Bringing fusion power to the grid
Francis Sedgemore, Friday 18 January 2013 at 12:10 UTC
Nuclear fusion, the sustainable energy source that for many decades we have been promised is only a few decades away, might now be only a few decades away. So confident are the technical experts and policymakers that the European Fusion Development Agency (EFDA) has published a roadmap outlining its plans for supplying fusion power to the grid by 2050.
Fusion involves forcing atoms together rather than splitting them apart as in the heat generating radioactive fission reactions in existing nuclear power plants. Achieving fusion is not in itself a problem. Fusion reactions can be explosive, as in nuclear weapons, or controlled in reactor vessels, most often with extremely hot gases contained within magnetic chambers.
Initiating fusion is a relatively simple process given sufficient input energy for the positively charged protons within atoms to overcome the strong repulsive force between them. The challenge is in sustaining the reaction in a controlled manner. With magnetic confinement fusion reactors the particles have such high energy and are moving so fast that they leak out of the reactor chamber, taking their energy with them and cooling the remaining plasma. The end result is that no net energy is produced.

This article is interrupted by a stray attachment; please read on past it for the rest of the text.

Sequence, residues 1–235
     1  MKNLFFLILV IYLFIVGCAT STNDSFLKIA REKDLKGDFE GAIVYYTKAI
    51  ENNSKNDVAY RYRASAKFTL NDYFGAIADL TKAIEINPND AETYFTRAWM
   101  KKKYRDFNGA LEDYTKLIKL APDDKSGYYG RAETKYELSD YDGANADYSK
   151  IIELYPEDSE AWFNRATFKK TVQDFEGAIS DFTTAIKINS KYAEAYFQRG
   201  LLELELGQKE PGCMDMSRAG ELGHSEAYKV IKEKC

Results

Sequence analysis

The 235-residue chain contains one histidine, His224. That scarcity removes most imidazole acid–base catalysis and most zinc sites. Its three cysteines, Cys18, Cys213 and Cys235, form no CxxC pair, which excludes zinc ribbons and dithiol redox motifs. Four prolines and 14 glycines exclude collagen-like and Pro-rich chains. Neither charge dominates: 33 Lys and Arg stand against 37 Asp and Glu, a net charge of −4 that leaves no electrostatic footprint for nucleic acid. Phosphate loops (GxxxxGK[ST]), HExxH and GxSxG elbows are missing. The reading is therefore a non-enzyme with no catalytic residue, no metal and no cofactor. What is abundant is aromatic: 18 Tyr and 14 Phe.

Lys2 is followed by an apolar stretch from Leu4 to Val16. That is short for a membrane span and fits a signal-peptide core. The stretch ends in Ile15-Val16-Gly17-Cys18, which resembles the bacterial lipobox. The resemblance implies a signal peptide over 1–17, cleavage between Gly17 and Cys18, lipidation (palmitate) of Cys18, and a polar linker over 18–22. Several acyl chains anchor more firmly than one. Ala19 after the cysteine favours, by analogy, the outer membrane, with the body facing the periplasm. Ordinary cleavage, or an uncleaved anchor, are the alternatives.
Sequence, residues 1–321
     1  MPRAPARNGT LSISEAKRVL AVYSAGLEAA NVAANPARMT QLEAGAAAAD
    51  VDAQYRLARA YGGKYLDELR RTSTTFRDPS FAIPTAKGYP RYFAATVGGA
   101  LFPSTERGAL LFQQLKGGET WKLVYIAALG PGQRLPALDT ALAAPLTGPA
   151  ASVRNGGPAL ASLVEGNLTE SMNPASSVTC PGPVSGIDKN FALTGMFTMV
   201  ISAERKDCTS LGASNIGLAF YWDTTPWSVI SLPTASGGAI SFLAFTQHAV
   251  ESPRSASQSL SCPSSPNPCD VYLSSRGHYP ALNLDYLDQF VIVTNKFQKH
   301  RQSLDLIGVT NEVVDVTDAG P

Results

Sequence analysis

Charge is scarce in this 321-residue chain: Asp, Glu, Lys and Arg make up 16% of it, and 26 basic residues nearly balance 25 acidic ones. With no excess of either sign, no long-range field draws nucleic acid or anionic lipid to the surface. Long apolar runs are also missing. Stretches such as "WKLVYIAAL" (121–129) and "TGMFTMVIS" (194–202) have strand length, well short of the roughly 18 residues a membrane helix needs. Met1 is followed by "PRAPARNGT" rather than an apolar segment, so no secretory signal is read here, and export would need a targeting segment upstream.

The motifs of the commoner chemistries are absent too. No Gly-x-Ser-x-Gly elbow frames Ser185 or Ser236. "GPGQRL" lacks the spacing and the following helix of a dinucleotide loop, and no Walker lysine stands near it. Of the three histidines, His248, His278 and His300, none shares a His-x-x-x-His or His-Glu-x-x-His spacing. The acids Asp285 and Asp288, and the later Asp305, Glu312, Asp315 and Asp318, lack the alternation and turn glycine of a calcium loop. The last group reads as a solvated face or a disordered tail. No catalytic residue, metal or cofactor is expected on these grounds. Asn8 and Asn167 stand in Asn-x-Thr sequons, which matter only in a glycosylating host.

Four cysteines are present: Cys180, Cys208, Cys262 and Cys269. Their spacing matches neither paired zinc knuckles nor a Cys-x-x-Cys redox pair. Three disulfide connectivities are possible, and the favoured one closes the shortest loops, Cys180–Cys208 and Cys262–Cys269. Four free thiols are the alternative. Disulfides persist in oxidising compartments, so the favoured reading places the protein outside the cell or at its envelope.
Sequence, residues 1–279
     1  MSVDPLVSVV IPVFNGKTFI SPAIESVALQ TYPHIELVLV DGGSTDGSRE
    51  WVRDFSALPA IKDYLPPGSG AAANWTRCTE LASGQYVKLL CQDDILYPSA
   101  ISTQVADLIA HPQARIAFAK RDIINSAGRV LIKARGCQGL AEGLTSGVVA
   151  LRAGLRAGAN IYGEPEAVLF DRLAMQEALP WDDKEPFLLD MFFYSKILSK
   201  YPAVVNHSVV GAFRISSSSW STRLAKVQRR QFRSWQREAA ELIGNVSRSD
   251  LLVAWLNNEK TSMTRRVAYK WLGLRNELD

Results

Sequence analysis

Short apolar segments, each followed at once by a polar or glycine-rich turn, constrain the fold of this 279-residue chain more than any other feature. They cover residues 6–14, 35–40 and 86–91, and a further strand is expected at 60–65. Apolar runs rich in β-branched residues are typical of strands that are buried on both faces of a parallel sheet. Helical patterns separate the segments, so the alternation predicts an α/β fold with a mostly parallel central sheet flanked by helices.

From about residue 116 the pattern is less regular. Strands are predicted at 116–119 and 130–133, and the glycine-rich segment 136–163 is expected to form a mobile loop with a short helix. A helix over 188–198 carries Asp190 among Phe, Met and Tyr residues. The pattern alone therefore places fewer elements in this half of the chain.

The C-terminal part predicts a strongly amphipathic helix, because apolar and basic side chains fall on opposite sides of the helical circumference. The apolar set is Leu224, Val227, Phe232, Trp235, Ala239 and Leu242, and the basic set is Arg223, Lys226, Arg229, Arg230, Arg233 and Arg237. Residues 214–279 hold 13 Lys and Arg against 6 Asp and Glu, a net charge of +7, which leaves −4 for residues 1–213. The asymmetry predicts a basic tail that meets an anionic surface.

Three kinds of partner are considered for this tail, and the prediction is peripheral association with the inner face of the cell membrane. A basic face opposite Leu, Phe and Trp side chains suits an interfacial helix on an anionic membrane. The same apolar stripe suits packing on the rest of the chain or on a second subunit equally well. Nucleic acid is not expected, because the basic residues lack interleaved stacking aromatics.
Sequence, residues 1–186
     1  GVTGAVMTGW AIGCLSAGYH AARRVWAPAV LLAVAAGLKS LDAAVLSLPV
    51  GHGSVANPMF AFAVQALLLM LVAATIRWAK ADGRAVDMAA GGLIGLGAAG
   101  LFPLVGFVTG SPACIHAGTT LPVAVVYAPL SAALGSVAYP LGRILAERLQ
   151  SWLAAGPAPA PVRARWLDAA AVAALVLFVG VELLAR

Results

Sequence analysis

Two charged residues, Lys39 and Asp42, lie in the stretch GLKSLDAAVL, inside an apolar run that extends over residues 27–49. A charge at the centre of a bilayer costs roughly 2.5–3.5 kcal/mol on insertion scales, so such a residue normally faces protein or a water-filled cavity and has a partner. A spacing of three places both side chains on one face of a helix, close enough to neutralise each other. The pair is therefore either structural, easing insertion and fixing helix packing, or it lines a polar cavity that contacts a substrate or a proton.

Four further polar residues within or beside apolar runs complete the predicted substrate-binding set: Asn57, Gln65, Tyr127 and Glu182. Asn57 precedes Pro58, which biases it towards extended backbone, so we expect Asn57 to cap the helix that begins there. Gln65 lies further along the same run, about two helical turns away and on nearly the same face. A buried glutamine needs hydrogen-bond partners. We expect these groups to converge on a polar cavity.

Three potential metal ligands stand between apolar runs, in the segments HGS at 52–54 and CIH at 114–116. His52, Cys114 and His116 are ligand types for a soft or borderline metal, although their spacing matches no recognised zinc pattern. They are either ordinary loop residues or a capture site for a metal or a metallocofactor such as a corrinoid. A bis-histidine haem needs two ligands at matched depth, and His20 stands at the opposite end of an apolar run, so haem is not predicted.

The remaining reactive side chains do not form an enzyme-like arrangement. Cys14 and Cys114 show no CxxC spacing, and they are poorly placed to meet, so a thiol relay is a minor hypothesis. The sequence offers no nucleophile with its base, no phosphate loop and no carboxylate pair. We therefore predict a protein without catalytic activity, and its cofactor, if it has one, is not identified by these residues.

Developing fusion power is no longer dependent on achieving major scientific breakthroughs, but rather refining the physics and reactor engineering. Several experimental fusion reactors are in operation around the world, or will soon come online. The latest of these is the multinational project ITER, based at Cadarache in France. When ITER becomes operational in 2020 it will be the first fusion reactor to produce a net surplus of energy: 500 megawatts from a 50 megawatt input.
What the EFDA has done is draw up a roadmap covering three periods from now until 2050, with clear milestones set out for each. From now until 2020 the primary focus will be on getting ITER up and running. The second period will see the fine tuning of ITER, maximising its exploitation and preparing for the construction of a demonstration power plant that supplies electricity to the grid and ultimately our tea kettles. The third period defined in the roadmap will see the building and operation of a prototype fusion power plant.
That is the plan, and, barring major technical gremlins or international funding crises, it should happen. There appears to be sufficient political will and international cooperation behind the project, and the need for sustainable high-load electrical power sources that will take us beyond the fossil fuel age is acknowledged. Existing nuclear technologies can only ever be a stopgap.